A Hundred Year's Inheritance: Early Impressions
I don't think I've ever finished a drama with more than 24 episodes before (Taiwan's Fated to Love You and ISWAK are the longest ones that come to mind). I've started lengthy sagas like Giant before, but inevitably at some point I get disengaged and never see it again. I'm pretty sure Hundred Year's, at 50 episodes, is going into the growing category of "started but discontinued", but for what it's worth I'll share my thoughts as of episode 5.
I call this my gym drama - I've watched almost all the episodes on my cell phone, which I have NEVER done with another drama either before or since. I mean, the small screen takes out half the fun in that you can't fully appreciate the general prettiness. But honestly, if I didn't watch this by mobile, I never would have touched this show at all.
Moving on to the drama itself, it's not the most interesting or unique of things. Within two episodes you touch upon millions of cliches - the unhappy wife seeking divorce, the evil mother-in-law, AMNESIA, the kindling of romance between the father and the pretty new neighbor lady, etc. It's nothing you can't see coming well in advance, although the two leads (Eugene and Lee Jung Jin) manage to make you curious for more thanks to their collective screen beauty and good chemistry.
The pacing for this is definitely in line with the 50-episode count - it's slow, and there's multiple story arcs involving a plethora of people. As with any long drama, there's some characters you care about (main leads), and many you could care less for (e.g. all of the relatives). The main relationship development is literally just creaking along. Normally by episode 5 you're at the emotional recognition / first-kiss step, but here the leads still barely know each other. They're just beginning to interact one-on-one, which is frustrating but I suppose good in that the relationship isn't rushed. I mean, she's still with her pathetic soon-to-be ex!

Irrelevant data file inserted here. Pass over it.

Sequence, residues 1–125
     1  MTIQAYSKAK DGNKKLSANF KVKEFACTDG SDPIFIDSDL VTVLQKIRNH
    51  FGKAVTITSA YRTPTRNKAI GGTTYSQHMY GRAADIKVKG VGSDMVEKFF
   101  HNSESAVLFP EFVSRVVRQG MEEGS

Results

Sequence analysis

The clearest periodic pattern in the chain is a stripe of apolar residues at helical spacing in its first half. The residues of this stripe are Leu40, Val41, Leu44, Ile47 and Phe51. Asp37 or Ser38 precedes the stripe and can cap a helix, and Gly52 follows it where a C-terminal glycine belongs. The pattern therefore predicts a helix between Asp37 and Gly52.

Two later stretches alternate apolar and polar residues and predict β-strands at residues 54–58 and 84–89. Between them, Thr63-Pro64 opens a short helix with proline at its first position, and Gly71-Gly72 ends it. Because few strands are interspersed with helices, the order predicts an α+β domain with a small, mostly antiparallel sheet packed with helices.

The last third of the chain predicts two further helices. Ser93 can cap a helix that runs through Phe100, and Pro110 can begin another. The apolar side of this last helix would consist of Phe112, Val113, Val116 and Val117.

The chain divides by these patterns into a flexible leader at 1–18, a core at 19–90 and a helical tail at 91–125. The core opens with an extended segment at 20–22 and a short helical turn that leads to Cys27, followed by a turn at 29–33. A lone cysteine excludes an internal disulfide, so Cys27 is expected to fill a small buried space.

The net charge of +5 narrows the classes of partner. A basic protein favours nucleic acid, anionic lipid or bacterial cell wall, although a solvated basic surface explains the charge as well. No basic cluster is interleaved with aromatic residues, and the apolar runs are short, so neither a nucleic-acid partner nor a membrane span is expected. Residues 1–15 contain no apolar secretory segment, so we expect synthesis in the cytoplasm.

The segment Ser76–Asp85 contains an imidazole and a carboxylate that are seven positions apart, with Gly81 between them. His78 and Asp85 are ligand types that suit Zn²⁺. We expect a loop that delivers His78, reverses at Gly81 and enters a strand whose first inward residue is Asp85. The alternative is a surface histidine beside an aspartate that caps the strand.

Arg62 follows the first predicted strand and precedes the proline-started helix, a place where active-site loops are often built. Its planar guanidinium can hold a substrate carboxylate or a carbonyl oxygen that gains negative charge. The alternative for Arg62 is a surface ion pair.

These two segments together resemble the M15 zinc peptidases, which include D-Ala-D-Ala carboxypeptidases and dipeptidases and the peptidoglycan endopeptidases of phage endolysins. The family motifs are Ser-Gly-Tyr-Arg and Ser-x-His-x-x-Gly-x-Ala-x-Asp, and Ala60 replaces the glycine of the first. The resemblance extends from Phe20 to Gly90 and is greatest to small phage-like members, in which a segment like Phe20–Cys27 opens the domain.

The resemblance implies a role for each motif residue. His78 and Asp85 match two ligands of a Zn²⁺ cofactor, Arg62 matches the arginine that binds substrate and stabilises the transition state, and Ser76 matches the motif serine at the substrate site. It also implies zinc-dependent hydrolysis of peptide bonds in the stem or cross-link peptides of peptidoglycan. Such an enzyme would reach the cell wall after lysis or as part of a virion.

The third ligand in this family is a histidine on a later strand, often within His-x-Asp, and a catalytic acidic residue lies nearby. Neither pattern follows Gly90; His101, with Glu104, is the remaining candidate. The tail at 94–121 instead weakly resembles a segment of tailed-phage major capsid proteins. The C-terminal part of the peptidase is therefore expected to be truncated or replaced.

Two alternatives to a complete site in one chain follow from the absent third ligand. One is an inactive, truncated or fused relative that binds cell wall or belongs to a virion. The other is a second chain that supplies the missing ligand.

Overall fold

While I enjoy watching the leads, the story as a whole is excessively draggy. We know from the summary that she's going to 1) get divorced, and 2) take over the family noodle business, but neither of these things have happened, and I suspect won't happen until episode 10 or later. That would be fine if the story offered me something good in the meantime, but instead it threw me for a round of amnesia. Seriously, the crazy mother-in-law sends her to a psychiatric hospital, she tries to escape, she hits her head on a rock and next thing you know there's selective amnesia. I thought they were kidding at first, but unfortunately not, it's still going strong.
Lee Jung Jin and Eugene are great both separately and especially together, and I'm sure they're the primary reason anyone is tuning into this (although I am curious where they're taking that younger sister and older ahjusshi partnership - surely not an age-gap romance??! I would actually be supportive because they have such fun scenes together). The one good thing about longer dramas is that it really fleshes out the character development and relationships. While there are still the necessary mechanisms to get them together, the story can now take the time to properly expose them to one another and to build the love line appropriately. That's the one thing that does make me curious to watch more, because I'm sure these two can really heat-up the screen.